I encourage you to try out the gift of silence. Spend a few minutes in silence alone. Pray or meditate or just let your mind rest. Try out silence at home. Maybe at dinner time, set aside a minute or two or five or whatever seems like just a bit too much. Savor the gift.
 
In quiet hope and silent preparation, I am,

 

Yours faithfully, 
 
Scott Gunn
Executive Director

 


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Forward Today: Ambassadors for Christ

In this week’s edition of our weekly newsletter, Scott reflects on Christmas and “this funny time of year for Christians and the public life.”


Dear friends in Christ,

 

Someone recently asked me if I’d speak to a reporter to offer a theological perspective on a game called Santa vs. Jesus. I haven’t seen the game, but of course I Googled it. It’s a hard game, meant to be humorous, apparently designed to make the point that Christmas is about Jesus. OK, fair enough. I’m sold.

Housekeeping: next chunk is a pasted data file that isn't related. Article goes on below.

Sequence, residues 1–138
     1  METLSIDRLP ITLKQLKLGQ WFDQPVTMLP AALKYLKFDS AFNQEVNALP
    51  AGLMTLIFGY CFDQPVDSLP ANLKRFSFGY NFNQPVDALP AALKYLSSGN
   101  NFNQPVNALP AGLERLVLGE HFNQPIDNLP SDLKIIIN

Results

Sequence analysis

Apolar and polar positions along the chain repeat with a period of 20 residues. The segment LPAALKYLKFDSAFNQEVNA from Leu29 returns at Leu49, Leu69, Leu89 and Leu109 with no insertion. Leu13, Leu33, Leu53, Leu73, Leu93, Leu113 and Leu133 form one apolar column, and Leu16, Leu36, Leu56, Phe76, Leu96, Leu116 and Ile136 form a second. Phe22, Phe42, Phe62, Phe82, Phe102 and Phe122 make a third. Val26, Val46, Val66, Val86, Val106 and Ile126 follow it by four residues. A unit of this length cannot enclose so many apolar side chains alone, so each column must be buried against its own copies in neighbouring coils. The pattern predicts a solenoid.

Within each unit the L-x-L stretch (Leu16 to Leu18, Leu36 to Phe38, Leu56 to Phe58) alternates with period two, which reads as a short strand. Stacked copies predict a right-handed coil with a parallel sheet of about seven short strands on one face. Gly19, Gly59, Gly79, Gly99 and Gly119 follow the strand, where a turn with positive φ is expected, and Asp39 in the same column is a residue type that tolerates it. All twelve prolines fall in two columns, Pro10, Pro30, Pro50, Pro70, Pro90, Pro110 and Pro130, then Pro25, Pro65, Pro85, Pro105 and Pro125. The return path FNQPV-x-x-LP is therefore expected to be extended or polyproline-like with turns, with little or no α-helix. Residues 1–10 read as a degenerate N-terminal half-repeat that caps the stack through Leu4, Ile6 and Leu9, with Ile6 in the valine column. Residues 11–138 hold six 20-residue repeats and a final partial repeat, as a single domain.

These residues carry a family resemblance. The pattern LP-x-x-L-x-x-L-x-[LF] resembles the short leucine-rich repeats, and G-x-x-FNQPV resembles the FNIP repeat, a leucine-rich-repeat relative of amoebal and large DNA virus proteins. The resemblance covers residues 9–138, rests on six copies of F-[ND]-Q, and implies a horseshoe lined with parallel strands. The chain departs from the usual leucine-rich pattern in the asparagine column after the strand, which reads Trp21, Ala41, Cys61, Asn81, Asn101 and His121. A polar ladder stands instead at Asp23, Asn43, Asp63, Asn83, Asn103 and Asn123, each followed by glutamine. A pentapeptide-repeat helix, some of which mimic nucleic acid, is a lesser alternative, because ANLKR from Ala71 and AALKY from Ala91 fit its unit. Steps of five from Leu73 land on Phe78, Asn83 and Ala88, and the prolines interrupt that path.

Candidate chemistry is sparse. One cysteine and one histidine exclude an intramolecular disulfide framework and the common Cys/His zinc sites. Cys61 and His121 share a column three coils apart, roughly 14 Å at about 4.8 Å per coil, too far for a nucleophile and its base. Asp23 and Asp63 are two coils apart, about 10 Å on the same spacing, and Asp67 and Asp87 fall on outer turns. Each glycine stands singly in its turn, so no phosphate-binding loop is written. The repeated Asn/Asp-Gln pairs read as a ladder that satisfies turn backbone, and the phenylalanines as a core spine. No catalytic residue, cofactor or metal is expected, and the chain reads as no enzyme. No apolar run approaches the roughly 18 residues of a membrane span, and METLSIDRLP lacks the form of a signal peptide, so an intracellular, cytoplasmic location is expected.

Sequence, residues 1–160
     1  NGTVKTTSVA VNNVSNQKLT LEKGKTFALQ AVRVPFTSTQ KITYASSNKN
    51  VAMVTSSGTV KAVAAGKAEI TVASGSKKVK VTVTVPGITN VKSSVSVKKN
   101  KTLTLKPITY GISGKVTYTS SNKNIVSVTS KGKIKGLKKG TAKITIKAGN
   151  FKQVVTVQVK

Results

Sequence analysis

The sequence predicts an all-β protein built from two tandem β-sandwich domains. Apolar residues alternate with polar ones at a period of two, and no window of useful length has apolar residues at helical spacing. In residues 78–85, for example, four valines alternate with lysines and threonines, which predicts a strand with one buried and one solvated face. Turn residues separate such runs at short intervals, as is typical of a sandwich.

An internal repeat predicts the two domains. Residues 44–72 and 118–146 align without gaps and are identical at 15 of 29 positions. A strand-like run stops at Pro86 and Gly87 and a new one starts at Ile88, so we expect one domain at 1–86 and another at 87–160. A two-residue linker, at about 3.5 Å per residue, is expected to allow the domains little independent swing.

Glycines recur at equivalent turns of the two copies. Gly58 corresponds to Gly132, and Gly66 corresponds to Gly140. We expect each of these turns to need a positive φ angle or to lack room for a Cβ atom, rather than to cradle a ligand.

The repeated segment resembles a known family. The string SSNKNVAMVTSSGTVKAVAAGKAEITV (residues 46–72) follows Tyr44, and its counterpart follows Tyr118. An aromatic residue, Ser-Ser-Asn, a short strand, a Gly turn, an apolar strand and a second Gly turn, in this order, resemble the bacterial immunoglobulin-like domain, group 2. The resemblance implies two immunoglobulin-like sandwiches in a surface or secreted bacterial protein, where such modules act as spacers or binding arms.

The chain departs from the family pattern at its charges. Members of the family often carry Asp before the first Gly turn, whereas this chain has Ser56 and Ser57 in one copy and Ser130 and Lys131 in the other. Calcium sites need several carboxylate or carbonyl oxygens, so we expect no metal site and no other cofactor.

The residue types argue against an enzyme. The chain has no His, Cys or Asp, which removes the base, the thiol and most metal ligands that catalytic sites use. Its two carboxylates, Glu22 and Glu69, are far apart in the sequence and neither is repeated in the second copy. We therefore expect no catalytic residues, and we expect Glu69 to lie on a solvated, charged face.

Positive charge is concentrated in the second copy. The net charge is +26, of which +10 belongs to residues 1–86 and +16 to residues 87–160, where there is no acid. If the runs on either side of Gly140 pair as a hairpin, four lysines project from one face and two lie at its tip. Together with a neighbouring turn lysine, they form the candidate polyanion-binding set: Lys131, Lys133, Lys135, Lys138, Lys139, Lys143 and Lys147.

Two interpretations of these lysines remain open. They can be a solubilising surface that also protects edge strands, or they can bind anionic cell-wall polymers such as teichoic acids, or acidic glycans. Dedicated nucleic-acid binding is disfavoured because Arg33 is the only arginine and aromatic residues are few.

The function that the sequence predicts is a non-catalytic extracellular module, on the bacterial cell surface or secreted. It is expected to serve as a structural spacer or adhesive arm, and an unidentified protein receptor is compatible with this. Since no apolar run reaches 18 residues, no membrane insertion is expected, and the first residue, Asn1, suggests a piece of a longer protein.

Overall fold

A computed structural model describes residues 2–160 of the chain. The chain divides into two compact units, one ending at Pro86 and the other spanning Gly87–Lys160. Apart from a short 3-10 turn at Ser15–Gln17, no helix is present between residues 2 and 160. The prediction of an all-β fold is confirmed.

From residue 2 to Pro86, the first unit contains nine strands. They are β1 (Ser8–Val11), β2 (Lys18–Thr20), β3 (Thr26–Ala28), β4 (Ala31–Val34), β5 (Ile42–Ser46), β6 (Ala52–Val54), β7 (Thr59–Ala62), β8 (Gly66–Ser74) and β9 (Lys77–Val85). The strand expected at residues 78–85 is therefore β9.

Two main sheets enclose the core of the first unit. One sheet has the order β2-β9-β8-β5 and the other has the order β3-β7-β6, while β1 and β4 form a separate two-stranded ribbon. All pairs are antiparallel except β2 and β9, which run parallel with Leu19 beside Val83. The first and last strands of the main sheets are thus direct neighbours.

That got me to thinking about this funny time of year for Christians and the public life. Some people wonder if it’s better to stick it out with Advent for the duration, or if we should cave and join wider culture in celebrating Christmas. And of course, certainly people try to stir a battle each year over an alleged “war on Christmas” with pointed commentary about the correct greeting for this time of year or even what color Starbucks coffee cups should be.

Mostly this is all very predictable and not a little silly. But there is a deeper issue lurking in the conversation. How should our Christian faith be lived in the public sphere? Is it OK to display our faith, or does respect for others compel us to hide our faith? Should we expect public and commercial entities to cater to our Christian faith? When can we do this lightly, and when does it become a serious issue?